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I have got a const char which is made by concatenation like this:

const char *fileName = "background1";

std::stringstream sstm;
sstm << fileName << "-hd.png";
fileName = sstm.str().c_str();

My problem is that the following instruction:

printf("const char = %s size = %d", fileName, sizeof(fileName));


"const char = background1-hd.png size = 4"

whereas I would expect that it returns:

"const char = background1-hd.png size = 19"

For example, the following gives the convenient result (as there is no concatenation):

const char *fileName2 = "background1-hd";
printf("const char = %s size = %d", fileName2, sizeof(fileName2));


"const char = background1-hd.png size = 19"

How to avoid this issue and guarantee that the characters will be correctly counted in my concatenated char ?

Thanks !!

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c tag removed. I don't know C++, but I suggest you use std::string instead of char *. –  pmg Feb 17 '12 at 16:16
Your last code-snippet does not print what you say it does. You must have gotten confused somewhere. (Maybe you actually declared fileName2 as const char fileName2[] = "background1-hd"?) –  ruakh Feb 17 '12 at 16:19
In addition to your other problems, this code fileName = sstm.str().c_str(); gives you a pointer to a tempory string, making it invalid already at the end of the statement. –  Bo Persson Feb 17 '12 at 17:09

6 Answers 6

up vote 6 down vote accepted

sizeof() returns the number of bytes the variable occupies in memory (in this case returns the size of the pointer fileName).

strlen() returns the length of the string (which is what you need).

You could as well try something like:

#include <iostream>
#include <cstdio>

int main()
    std::string fileName("background1");
    printf("const char = %s size = %d", fileName.c_str(), fileName.length());

    return 0;
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sizeof returns the size of the variable you give to it; it's evaluated at compile time. The "4" is the size of a pointer on your system. You want to use strlen() to determine the length of a string.

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The result of sizeof(fileName) is related to fileName being a pointer, not an array. It literally returns the size of a pointer to a constant character string, and on a 32-bit system, all pointers are 32 bits (so sizeof == 4).

What you should use instead is strlen or similar, which will count the characters in the string, up to the trailing null, and return that. The results with strlen in place of sizeof will be about what you expect.

Side-related, with const char strings there is only ever one character per "cell" (actually byte). There are character sets which make for multiple bytes per character, but packing multiple characters into a single byte is quite rare, at least in C-family languages.

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sizeof calculates the size of the data type in bytes and not the size of its contents (what it points to). In your example you are calculating the sizeof char* which is 4 bytes on your system. To get the length of a C string use strlen.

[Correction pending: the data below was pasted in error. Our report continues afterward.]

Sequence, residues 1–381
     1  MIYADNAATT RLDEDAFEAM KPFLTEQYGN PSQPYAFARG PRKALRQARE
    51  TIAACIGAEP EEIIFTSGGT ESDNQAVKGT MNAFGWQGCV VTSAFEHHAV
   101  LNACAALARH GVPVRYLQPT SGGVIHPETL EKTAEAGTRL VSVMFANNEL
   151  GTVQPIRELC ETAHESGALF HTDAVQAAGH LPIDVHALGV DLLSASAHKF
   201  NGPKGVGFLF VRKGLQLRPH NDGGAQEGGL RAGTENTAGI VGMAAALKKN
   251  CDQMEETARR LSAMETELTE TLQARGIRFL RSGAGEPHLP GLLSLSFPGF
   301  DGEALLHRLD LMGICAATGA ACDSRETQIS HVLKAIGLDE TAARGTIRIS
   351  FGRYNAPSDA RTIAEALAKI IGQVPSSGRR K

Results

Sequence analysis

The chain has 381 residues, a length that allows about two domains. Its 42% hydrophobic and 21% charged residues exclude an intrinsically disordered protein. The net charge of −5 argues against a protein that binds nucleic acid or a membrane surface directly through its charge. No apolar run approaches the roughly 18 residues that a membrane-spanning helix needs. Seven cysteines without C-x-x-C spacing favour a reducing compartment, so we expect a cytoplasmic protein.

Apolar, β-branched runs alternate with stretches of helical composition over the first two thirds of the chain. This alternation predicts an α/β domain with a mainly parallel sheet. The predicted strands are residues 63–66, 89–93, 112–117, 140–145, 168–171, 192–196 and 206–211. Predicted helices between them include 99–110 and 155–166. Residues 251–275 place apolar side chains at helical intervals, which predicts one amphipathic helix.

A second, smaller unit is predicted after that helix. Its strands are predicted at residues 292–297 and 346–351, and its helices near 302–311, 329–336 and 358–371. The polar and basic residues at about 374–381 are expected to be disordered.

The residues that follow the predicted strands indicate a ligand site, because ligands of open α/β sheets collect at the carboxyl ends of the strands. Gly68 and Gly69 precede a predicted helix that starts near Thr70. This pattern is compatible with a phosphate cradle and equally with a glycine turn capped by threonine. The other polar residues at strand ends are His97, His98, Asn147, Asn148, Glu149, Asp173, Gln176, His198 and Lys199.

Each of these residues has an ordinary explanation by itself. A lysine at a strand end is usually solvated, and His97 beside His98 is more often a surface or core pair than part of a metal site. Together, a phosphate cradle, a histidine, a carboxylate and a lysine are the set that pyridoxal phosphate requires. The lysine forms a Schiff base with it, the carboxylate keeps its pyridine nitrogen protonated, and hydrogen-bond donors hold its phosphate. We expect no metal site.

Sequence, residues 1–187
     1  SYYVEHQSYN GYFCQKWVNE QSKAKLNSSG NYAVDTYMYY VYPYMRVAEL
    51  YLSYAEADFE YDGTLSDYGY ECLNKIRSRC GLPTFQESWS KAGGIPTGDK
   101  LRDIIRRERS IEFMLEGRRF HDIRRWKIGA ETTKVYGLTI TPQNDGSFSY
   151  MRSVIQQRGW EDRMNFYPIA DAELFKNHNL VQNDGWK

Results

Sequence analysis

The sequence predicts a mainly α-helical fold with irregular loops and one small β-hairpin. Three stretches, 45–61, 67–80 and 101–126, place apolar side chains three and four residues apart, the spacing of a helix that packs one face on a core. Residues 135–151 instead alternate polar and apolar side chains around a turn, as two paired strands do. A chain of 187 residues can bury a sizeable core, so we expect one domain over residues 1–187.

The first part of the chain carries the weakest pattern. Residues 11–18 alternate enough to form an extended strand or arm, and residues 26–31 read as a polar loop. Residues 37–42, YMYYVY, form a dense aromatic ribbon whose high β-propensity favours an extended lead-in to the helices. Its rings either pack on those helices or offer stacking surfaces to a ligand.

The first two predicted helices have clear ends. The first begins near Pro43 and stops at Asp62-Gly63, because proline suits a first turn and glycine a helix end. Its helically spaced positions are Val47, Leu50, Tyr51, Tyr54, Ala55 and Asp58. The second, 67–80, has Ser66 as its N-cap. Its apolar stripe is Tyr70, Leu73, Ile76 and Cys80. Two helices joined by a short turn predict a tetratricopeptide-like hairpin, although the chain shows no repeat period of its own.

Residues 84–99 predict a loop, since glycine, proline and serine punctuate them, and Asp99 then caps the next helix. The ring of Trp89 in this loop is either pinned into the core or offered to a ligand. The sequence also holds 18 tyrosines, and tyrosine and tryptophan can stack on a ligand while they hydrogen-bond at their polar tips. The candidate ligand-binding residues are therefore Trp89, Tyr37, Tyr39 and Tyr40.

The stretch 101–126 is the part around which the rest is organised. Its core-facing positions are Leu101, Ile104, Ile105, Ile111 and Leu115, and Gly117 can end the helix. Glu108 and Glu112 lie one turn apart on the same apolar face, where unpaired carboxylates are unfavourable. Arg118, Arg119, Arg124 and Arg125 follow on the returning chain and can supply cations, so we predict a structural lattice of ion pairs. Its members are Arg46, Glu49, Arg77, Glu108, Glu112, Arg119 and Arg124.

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There is a distinction in the language between arrays and pointers, even if this distinction seems diluted both by implicit conversions (arrays tend to decay into pointers quite easily), and common statements that they are the same.

How does this even relate to your code?

Well, a string literal is actually an array of constant characters, not a pointer to character(s). In the initialization const char *fileName = "background1"; you are creating a pointer variable that points to the first element of the array ("background1" is decaying into a pointer to the first element), and from there on the variable you are managing is pointer and not the literal.

If you mix this with the fact that sizeof will tell you the size of the variable, you get that in a platform with 32bit pointers and 8 bit chars, sizeof( const char* ) is always 4, regardless of the object that is pointed by that pointer (if there is even one).

Now, if you were treating the literal as what it actually is you would be having a bit more luck there:

const char filename[] = "background1";
assert( sizeof filename == 12 );       // note: NUL character is counted!
const char *fname = filename;
assert( sizeof filename == sizeof( void* ) );

In real code, you are not a so lucky and in many cases the literals have decayed into pointers well before you get a chance of getting the compile time size of the literal, so you cannot ask the compiler to tell you the size. In that case you need to calculate the length of the C style string, which can be done by calling strlen.

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strlen has been suggested a number of times already, and for this case it's probably perfectly reasonable.

There is an alternative that will let you use sizeof though:

char fileName[] = "background1";

std::cout << sizeof(fileName) << "\n";

Since you're making fileName an array, it has all the characteristics of an array -- including the fact that your later attempt at assigning to it:

fileName = sstm.str().c_str();

...would fail (won't even compile when fileName is defined as an array). I should add, however, that it seems to me that you'd be better off just using std::string throughout:

std::string fileName("background1");
std::stringstream sstm;
sstm << fileName << "-hd.png";
fileName = sstm.str();

In this case, you can use string's size() or length() member.

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